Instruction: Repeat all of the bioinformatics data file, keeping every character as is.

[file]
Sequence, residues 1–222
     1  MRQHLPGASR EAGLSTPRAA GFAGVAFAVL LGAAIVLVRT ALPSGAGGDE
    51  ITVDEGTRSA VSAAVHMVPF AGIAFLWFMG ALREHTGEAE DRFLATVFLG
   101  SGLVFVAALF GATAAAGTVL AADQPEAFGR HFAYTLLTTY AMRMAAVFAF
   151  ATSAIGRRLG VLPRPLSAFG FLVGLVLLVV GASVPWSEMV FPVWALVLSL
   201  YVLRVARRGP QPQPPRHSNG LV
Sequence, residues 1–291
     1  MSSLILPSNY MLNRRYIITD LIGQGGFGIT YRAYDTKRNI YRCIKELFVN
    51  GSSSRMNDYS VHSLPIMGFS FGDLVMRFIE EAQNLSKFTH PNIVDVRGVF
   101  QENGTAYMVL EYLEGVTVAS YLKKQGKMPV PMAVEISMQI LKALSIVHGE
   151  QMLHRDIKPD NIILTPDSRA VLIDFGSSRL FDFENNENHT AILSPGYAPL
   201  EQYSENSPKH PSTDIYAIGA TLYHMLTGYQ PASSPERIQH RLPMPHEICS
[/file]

Sequence, residues 1–222
     1  MRQHLPGASR EAGLSTPRAA GFAGVAFAVL LGAAIVLVRT ALPSGAGGDE
    51  ITVDEGTRSA VSAAVHMVPF AGIAFLWFMG ALREHTGEAE DRFLATVFLG
   101  SGLVFVAALF GATAAAGTVL AADQPEAFGR HFAYTLLTTY AMRMAAVFAF
   151  ATSAIGRRLG VLPRPLSAFG FLVGLVLLVV GASVPWSEMV FPVWALVLSL
   201  YVLRVARRGP QPQPPRHSNG LV
Sequence, residues 1–291
     1  MSSLILPSNY MLNRRYIITD LIGQGGFGIT YRAYDTKRNI YRCIKELFVN
    51  GSSSRMNDYS VHSLPIMGFS FGDLVMRFIE EAQNLSKFTH PNIVDVRGVF
   101  QENGTAYMVL EYLEGVTVAS YLKKQGKMPV PMAVEISMQI LKALSIVHGE
   151  QMLHRDIKPD NIILTPDSRA VLIDFGSSRL FDFENNENHT AILSPGYAPL
   201  EQYSENSPKH PSTDIYAIGA TLYHMLTGYQ PASSPERIQH RLPMPHEICS